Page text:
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Genius for Friendship

Murray Kempton, 1973 (AP Photo/JVB)



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Someone should tell the story of this odd couple, because many today would find it hard to believe. Politics often feels like an ideological blood-sport, with pundits mercilessly bludgeoning one another to entertain the agitated masses. But while the godfather of the modern conservative movement, William F. Buckley Jr., was a happy warrior in the world of intellectual combat, he was also blessed with a genius for friendship — and he counted a handful of committed liberals as close friends: John Kenneth Galbraith, Allard Lowenstein, and, perhaps most notably, Murray Kempton.

Kempton was, in Buckley’s words, a “socialist — a sworn enemy of all anti-Communist legislation, sworn friend of militant unionism.” He was also, according to Buckley, “the finest writer in the newspaper profession,” with characteristic “wit and irony and a compassion which is sometimes unruly.” More to the point, he was “a great artist and a great friend.”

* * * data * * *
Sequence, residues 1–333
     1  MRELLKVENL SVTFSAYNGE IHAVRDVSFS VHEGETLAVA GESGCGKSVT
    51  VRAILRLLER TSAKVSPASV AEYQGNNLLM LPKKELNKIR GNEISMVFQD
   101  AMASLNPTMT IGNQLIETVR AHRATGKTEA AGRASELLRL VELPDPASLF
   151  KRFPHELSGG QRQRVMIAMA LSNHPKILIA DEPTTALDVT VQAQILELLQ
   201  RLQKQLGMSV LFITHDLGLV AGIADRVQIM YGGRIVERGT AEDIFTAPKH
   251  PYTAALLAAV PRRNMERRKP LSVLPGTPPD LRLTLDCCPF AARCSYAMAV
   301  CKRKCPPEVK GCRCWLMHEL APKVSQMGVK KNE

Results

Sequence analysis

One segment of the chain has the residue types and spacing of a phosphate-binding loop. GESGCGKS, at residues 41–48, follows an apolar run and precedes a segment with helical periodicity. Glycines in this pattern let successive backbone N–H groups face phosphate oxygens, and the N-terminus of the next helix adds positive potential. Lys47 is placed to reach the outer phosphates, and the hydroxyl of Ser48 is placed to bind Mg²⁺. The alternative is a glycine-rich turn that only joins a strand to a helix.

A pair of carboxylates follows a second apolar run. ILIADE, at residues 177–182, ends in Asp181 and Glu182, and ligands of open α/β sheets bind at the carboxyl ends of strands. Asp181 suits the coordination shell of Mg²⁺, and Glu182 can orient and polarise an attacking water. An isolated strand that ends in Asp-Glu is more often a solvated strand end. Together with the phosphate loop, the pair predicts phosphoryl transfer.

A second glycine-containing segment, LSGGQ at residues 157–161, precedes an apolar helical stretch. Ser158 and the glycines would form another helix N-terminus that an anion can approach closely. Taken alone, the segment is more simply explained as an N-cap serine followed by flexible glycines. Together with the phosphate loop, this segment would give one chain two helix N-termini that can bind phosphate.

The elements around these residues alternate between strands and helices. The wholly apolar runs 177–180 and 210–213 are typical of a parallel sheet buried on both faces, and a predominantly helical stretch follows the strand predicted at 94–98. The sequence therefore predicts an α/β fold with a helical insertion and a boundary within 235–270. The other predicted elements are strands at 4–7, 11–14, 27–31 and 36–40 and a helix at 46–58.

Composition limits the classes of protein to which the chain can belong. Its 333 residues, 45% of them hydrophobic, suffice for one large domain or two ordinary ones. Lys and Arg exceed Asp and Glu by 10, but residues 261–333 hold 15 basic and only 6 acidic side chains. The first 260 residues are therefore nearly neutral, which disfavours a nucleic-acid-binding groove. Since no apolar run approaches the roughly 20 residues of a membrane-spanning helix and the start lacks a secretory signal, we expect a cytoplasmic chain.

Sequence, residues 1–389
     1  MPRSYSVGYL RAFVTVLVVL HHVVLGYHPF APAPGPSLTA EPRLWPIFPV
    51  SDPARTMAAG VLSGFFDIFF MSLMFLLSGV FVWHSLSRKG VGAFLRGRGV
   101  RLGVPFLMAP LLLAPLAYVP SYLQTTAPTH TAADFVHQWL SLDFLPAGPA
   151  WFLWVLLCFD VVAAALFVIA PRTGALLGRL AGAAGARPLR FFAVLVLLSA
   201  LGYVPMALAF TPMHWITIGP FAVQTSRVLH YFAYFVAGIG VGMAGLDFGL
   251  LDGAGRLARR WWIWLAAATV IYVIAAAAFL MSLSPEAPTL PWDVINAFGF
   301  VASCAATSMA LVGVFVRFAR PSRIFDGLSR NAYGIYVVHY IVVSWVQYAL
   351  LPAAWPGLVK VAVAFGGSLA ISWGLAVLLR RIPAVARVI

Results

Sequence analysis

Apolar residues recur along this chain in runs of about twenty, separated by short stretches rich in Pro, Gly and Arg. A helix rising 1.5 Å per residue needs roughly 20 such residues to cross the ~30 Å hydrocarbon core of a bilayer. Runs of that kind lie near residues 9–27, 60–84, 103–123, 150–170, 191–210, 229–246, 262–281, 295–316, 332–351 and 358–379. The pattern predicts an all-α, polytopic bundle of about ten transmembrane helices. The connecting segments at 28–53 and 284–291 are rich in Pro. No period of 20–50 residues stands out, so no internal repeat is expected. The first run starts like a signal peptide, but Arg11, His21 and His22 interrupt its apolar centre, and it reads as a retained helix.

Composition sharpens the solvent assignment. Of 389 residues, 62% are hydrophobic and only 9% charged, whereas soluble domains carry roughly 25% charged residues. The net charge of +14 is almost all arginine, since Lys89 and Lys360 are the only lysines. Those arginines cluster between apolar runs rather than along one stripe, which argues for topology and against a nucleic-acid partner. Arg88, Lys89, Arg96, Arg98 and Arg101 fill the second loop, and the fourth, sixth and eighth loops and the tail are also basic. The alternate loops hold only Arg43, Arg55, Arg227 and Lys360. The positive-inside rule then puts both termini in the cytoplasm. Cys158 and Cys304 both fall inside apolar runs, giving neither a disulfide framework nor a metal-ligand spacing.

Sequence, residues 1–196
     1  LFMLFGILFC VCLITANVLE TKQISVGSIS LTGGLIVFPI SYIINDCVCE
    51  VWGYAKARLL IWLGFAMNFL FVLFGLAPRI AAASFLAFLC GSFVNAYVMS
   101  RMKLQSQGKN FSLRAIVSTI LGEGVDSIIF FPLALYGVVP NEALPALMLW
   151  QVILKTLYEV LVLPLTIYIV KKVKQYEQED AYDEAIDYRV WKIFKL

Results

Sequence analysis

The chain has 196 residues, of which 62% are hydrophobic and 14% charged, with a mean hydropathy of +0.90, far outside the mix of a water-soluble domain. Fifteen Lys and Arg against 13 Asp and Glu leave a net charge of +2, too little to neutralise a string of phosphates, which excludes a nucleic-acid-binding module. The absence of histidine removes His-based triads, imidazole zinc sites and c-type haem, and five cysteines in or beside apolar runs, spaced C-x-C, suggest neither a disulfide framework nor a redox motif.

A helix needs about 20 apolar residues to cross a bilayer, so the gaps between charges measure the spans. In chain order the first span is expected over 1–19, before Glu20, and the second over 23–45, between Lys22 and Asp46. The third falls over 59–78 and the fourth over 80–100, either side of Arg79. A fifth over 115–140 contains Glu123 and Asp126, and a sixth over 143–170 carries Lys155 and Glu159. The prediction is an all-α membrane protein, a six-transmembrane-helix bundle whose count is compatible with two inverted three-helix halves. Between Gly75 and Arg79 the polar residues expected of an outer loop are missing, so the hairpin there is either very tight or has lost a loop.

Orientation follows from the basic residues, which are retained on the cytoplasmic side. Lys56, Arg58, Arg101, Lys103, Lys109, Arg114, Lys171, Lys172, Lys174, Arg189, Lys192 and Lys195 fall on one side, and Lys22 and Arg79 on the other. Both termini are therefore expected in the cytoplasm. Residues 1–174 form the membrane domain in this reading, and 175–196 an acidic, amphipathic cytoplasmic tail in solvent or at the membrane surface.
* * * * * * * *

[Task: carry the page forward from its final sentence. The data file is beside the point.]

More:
Contents
July 1, 2013    |     Volume LXV, No. 12

Articles
Features
Books, Arts & Manners
  • Jay Winik reviews Lincoln Unbound: How an Ambitious Young Railsplitter Saved the American Dream -- And How We Can Do It Again, by Rich Lowry .
  • Charles J. Cooper reviews Saving Justice: Watergate, the Saturday Night Massacre, and Other Adventures of a Solicitor General, by Robert H. Bork.
  • Daniel Johnson reviews Flight of the Eagle: The Grand Strategies That Brought America from Colonial Dependence to World Leadership, by Conrad Black.
  • John Avlon discusses the friendship between William F. Buckley Jr. and Murray Kempton.
  • Ross Douthat reviews The Bling Ring.
Sections
The Long View  .  .  .  .  .  .  .  .  
Athwart  .  .  .  .  .  .  .  .  
Poetry  .  .  .  .  .  .  .  .  
Happy Warrior  .  .  .  .  .  .  .  .